Caselaws for Radar Gun

arzon
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Caselaws for Radar Gun

Unread post by arzon on

Hey guys,

I'm preparing my defense (trial in 3 weeks) and I'm wondering how I can go about finding good case laws regarding radar gun.

I was pulled 44km over with a HANDHELD GENSIS DIRECTIONAL and I plan to attack every angle of the officer + radar gun.

I've learned a ton from this forum and plan to pay it forward to people in the future with a fairly long post of my case and what I plan to do.


jsherk
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Unread post by jsherk on

Well there are not really any good ones that I know of that will help. And I have read a LOT of them!

The problem in Ontario is that the courts have decided that the officer only needs to say "I am a qualified operator" and that "I beleive the radar was working correctly at the time". Since there is no statuatory requirement for training or testing procedures, the courts will simply say that "I am satisfied with the officers testimony that he is qualified and the unit was working properly".

Yes you can absolutely question the officer upside down and backwards about his training and his knowledge of the use of the device, however the JP will most likely in the end just blow all that off and say "I am satisfied with the officers testimony that he is qualified and the unit was working properly".

All the case laws I read have the same flaw from a defense perspective... "The defense called no contradictory evidence"
So this means that the defense may have done a great job cross-examining the officer, however that was not enough to bring reasonable doubt. And they did not put their own expert on the stand. The defendant themselves may have testified, but their testimony is not equal to the officers (from an expertise perspective) and therefore it again did not raise enought doubt.

Read R. v. Xu, 2012 ONCJ 278 (appeal decision by Judge) http://canlii.ca/t/fr8nn
This case does a good job of explaining Essential Elements and also explains how certain things MAY (not must) bring reasonable doubt to the officers testimony. It even says that if the officer does not follow the manufactureres testing instructions this MAY (not MUST) bring doubt!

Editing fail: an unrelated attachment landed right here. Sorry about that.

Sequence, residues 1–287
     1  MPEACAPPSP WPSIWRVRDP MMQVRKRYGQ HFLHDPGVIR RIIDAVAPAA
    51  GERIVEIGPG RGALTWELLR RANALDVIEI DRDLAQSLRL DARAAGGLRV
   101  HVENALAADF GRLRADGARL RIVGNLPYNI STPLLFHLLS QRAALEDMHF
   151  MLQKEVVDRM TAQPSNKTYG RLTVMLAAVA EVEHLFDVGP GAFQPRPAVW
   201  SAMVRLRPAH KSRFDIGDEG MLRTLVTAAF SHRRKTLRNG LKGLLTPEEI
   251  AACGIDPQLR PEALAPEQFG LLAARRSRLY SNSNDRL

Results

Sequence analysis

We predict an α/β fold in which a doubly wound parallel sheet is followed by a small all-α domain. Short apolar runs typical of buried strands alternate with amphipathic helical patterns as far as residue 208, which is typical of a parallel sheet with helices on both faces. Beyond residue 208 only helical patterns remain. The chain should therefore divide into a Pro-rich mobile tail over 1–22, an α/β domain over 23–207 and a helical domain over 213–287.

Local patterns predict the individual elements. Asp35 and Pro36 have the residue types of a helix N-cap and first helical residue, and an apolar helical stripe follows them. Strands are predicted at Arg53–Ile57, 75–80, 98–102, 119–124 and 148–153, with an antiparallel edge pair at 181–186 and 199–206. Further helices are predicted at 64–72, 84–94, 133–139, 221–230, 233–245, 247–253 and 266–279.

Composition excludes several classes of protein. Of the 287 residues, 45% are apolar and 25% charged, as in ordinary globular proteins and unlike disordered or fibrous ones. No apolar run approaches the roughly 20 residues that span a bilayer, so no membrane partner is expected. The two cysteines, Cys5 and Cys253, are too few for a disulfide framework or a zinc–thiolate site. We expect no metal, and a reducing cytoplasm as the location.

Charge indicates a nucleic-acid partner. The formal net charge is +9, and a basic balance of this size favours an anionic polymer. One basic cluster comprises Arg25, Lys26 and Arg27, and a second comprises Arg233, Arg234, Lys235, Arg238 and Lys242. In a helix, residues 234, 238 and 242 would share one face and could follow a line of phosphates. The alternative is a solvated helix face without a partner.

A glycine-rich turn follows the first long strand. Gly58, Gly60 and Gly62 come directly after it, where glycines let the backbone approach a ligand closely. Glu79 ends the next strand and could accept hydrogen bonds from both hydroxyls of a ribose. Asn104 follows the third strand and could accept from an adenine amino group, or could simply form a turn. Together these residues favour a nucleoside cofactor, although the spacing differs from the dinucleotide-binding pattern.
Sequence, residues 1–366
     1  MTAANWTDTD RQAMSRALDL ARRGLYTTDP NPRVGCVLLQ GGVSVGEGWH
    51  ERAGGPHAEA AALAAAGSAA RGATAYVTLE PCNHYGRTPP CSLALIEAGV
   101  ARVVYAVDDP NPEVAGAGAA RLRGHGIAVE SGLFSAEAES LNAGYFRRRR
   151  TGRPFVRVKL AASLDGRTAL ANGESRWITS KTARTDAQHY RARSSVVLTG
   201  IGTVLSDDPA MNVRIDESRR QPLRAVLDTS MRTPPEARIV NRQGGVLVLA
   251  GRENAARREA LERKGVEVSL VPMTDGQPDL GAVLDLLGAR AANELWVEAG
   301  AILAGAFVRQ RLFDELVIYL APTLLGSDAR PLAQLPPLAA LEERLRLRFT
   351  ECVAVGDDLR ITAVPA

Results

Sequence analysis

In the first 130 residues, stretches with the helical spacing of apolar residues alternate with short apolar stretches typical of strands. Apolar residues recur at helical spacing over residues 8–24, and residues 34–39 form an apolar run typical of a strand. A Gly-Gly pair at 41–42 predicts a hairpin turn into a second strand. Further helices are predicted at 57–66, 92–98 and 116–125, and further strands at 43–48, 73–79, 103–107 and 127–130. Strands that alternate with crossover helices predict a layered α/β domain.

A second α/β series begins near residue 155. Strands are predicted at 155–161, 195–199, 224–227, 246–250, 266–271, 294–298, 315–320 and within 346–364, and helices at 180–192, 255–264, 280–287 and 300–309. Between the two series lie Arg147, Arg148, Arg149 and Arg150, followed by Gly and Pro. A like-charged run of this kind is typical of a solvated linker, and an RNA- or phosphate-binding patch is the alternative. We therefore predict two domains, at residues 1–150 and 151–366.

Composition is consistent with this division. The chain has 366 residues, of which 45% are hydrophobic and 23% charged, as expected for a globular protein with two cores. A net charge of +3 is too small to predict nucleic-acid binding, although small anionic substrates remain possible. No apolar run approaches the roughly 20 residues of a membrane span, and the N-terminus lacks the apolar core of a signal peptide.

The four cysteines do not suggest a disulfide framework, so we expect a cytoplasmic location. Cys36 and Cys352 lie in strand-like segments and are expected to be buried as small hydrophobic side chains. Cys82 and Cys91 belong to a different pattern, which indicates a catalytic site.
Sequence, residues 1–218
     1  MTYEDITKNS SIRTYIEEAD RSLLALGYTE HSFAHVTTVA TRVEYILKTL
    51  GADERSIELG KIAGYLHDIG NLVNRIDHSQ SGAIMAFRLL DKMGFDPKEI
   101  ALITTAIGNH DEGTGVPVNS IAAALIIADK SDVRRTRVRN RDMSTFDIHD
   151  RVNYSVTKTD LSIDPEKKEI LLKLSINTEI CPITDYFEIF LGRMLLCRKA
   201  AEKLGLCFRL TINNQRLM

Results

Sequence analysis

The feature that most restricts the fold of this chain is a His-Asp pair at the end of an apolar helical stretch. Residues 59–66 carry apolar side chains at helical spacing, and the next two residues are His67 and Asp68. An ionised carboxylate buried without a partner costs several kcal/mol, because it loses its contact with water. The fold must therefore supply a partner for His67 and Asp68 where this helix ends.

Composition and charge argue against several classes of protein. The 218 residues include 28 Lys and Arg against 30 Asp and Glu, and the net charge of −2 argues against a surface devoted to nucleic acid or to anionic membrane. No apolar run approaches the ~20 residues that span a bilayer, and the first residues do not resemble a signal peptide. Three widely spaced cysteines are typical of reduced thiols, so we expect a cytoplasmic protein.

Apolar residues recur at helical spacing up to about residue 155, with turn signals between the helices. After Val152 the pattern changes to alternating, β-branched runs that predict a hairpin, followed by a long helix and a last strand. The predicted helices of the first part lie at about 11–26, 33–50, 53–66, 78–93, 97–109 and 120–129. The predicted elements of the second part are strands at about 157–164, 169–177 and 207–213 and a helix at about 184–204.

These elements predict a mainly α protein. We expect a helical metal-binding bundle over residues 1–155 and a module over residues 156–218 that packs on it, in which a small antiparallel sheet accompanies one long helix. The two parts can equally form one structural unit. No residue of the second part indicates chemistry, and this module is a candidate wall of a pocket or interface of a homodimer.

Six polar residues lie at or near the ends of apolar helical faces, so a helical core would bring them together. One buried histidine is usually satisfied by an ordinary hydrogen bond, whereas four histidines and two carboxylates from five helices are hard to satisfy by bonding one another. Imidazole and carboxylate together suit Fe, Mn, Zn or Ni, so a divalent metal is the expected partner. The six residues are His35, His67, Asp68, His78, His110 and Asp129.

And it says "the evidence coming from the police officer who operated the specialized equipment used to detect speeding vehicles is expert testimony."
It also says "It is also important to remember that contradictory evidence is one of the most important factors to consider in weighing evidence."

Read R. v . Piacente, 2013 ONCJ 169 (appeal decision by Judge) http://canlii.ca/t/fwvg4
Now this case, comparison with R v Xu says that "It was not necessary for officer to be qualified as an expert witness".

My opinion is that cross-examination will only bring reasonable doubt if the officer actually admits that they don't have proper training or actually admits that there may be some kind of issue with the device.

The best way to beat it is to have your own expert witness take the stand as well. Of course this costs additional money, but this may still be cheaper than losing at trial and then having to go to an appeal to try and win. I lost the last trial where I was fighting a speeding ticket (trial took 4 hours). I believe I had a very high chance of winning on an appeal, however the cost for transcripts alone was $1,100.00. So with $120 fine and possible insurance increases would still be much less than that. I do tend to fight things on principle, however in this case I just did not have the money to continue with the appeal.

I am currently trainig myself up to be an expert witness because I am not aware of any in Ontario at this time.
+++ This is not legal advice, only my opinion +++


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